Back in San Francisco, right as the street car is about to plow into a building, Double bails out. Kobra had ‘ported a bit earlier. Double’s alive… but just barely. Rather than just kill him there, Kobra instead takes him hostage. Back with Burr… his plane catches fire somewhere over Oregon… go figure, right?
Jonny wakes up to find himself strapped to the Golden Gate Bridge! Kobra now reveals his nefarious plot… the workers on the bridge earlier in the week were installing “quakers”… no not the people, or the oatmeal… things that make the Earth shake! The quakers were set to go from the bottom of the bridge straight through the Earth’s crust. We close out on the promise that in 20 minutes, San Francisco will fall!
Really wasn’t expecting to dig this… but it wasn’t half bad. Not necessarily something I would track down the rest of, but not something I’d think to leave behind in the cheap-o bins either.
Oddly, the character of Kobra didn’t really get much face time here… least not as much as I’d imagined he would. Instead we spent most of our time with hard boiled private dick, Jonny Double. The name rang a bell, but I couldn’t place him. After doing a bit of checking around, I found that he has since appeared… at least in name, in a late 1990’s Vertigo miniseries. That must be where I remember him from. Anyhoo, his exploits were more interesting than I’d thought they were going to be.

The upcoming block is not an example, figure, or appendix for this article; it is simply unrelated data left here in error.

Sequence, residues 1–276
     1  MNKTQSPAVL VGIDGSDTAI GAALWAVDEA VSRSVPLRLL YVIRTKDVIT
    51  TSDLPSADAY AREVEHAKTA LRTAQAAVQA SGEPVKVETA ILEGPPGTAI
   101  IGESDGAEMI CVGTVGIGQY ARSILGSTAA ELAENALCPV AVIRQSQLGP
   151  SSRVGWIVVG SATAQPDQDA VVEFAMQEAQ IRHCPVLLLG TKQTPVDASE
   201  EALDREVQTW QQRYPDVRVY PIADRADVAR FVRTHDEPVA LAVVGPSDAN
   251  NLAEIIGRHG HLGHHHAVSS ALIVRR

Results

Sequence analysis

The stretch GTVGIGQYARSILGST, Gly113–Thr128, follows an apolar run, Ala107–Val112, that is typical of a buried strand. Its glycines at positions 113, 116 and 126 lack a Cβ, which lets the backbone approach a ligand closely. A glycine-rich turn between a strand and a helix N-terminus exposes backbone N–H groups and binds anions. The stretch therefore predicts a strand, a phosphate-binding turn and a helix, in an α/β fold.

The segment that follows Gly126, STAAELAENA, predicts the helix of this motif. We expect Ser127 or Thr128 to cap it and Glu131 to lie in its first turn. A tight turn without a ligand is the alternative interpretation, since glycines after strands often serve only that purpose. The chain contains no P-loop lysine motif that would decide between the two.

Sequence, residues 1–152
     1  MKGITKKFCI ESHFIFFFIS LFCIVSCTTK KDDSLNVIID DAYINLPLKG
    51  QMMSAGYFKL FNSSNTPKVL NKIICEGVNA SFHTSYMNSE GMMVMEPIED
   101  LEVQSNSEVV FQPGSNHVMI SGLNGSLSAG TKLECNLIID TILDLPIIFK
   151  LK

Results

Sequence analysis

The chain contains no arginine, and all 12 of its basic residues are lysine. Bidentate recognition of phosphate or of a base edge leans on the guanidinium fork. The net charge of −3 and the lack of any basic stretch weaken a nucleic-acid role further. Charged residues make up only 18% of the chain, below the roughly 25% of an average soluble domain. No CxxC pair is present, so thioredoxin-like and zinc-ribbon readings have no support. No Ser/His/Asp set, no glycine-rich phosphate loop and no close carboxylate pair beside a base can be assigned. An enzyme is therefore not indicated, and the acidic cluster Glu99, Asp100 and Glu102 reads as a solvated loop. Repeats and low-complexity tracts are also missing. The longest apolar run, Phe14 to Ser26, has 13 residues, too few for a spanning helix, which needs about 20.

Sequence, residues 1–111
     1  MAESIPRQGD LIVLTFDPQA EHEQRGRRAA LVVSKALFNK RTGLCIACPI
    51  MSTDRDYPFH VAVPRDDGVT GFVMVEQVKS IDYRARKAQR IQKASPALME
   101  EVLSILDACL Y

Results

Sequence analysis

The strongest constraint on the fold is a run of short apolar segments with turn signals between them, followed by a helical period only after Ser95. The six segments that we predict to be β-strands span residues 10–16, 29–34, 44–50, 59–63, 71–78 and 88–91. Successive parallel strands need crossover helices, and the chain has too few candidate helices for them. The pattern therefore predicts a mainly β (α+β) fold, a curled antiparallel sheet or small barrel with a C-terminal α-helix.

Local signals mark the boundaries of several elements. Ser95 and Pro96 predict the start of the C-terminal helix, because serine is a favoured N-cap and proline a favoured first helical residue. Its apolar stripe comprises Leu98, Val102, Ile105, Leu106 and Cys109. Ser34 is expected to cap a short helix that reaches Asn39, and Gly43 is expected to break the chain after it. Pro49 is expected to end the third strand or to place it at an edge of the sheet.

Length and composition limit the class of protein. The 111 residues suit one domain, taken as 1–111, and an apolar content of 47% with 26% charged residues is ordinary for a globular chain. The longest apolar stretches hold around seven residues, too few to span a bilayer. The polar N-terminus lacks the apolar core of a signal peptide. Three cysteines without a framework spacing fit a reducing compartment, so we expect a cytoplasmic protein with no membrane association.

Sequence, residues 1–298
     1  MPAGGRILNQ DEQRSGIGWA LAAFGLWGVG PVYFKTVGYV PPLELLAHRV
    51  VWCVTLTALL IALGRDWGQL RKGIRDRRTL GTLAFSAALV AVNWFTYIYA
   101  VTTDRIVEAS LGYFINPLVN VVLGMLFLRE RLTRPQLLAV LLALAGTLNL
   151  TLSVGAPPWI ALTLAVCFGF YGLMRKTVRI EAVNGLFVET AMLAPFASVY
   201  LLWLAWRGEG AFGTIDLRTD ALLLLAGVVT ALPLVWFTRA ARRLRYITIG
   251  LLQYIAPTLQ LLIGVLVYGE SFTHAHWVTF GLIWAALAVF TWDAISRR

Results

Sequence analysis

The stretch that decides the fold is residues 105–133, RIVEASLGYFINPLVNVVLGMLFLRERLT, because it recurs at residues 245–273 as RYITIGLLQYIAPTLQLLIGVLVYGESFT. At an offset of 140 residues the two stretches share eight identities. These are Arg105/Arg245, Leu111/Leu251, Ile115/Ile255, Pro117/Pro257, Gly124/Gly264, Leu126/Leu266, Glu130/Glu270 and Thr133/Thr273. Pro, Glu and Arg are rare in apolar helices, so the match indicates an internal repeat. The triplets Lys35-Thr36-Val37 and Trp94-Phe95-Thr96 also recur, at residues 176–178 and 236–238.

Back to Kobra… I’m not sure if my brain is just drawing parallels here but, the whole time reading this he reminded me of Cobra Commander from G.I. Joe. From his lisssp, to his over the top reactions… even to the ridiculously overblown deathtrap. Gotta wonder if Larry Hama drew some inspiration from this fella.
The writing here, pot-boiler mystery bits aside, was pretty good… though perhaps a bit flowery for a story like this. The art was nice throughout, though when the coloring was off… it really hurt my character identification skills. Jonny Double with darker hair or a suit of a different shade could easily be confused for Kobra’s twin brother Jason Burr. There were a small handful of panels that I had to give a second glance to see if there may have been a coloring error. Guess that’s a problem when the characters don’t differentiate in appearance all that much.
Overall… I guess I’d say if you see any issue of Kobra on the cheap, maybe give it a shot. You’re likely not going to get anything that’ll rock your socks or change your life… but you might just get a fun read.
Letters Page: (the rumors of our cancellation have been greatly exaggerated edition)